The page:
19 Things To Stop Doing In Your 20s

I read this blog post online and loved everything about it.  I don’t know Holden Desalles, but major points to him for writing this awesome article.  I’m reposting it for all of you!  Read up, read again, repeat.

~ 19 things to stop doing in your 20s ~

By Holden  Desalles

1. Stop placing all the blame on other people for how they interact  with you. To an extent, people treat you the way you want to be  treated. A lot of social behavior is cause and effect. Take responsibility for  (accept) the fact that you are the only constant variable in your equation.

2. Stop being lazy by being constantly “busy.” It’s easy to  be busy. It justifies never having enough time to clean, cook for yourself, go  out with friends, meet new people. Realize that every time you give in to your ‘busyness,’ it’s you who’s making the decision, not the demands of your job.

3. Stop seeking out distractions. You will always be able to  find them.

4. Stop trying to get away with work that’s “good enough.”People notice when “good enough” is how you approach your job. Usually these  people will be the same who have the power to promote you, offer you a health  insurance plan, and give you more money. They will take your approach into  consideration when thinking about you for a raise.

5. Stop allowing yourself to be so comfortable all the time.  Coming up with a list of reasons to procrastinate risky, innovative decisions  offers more short-term gratification than not procrastinating. But when you stop  procrastinating to make a drastic change, your list of reasons to procrastinate  becomes a list of ideas about how to better navigate the risk you’re taking.

6. Stop identifying yourself as a cliche and start treating yourself  as an individual. Constantly checking your life against a prewritten  narrative or story of how things “should” be is a bought-into way of life. It’s  sort of like renting your identity. It isn’t you. You are more nuanced than the  narrative you try to fit yourself into, more complex than the story that “should” be happening.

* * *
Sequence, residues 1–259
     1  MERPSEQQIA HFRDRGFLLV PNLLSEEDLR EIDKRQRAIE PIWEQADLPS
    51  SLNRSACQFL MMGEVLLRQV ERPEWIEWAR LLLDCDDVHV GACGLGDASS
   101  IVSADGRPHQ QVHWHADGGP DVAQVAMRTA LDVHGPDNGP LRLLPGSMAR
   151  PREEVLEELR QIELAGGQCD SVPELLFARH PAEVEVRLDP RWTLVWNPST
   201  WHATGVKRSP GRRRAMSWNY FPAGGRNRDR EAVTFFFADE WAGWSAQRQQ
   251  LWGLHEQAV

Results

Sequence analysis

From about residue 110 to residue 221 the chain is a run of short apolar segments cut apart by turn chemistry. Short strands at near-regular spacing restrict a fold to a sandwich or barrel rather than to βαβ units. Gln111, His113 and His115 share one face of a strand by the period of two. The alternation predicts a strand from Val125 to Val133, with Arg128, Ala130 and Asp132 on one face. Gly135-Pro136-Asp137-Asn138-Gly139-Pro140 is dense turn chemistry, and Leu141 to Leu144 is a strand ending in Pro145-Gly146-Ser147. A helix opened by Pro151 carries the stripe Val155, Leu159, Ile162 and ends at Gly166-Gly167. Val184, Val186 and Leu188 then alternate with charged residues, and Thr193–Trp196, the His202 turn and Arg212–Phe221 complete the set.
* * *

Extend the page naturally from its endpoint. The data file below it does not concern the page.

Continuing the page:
7. Stop expecting people to be better than they were in high school — learn how to deal with it instead. Just because you’re out of high  school doesn’t mean you’re out of high school. There will always be people in  your life who want what you have, are threatened by who you are, and will  ridicule you for doing something that threatens how they see their position in  the world.

8. Stop being stingy. If you really care about something,  spend your money on it. There is often a notion that you are saving for  something. Either clarify what that thing is or start spending your money on  things that are important to you. Spend money on road trips. Spend money on  healthy food. Spend money on opportunities. Spend money on things you’ll  keep.

9. Stop treating errands as burdens. Instead, use them as  time to focus on doing one thing, and doing it right. Errands and chores are  essentially rote tasks that allow you time to think. They function to get you  away from your phone, the internet, and other distractions. Focus and attention  span are difficult things to maintain when you’re focused and attentive on X  amount of things at any given moment.

10. Stop blaming yourself for being human. You’re fine.  Having a little anxiety is fine. Being scared is fine. Your secrets are fine.  You’re well-meaning. You’re intelligent. You’re blowing it out of proportion.  You’re fine.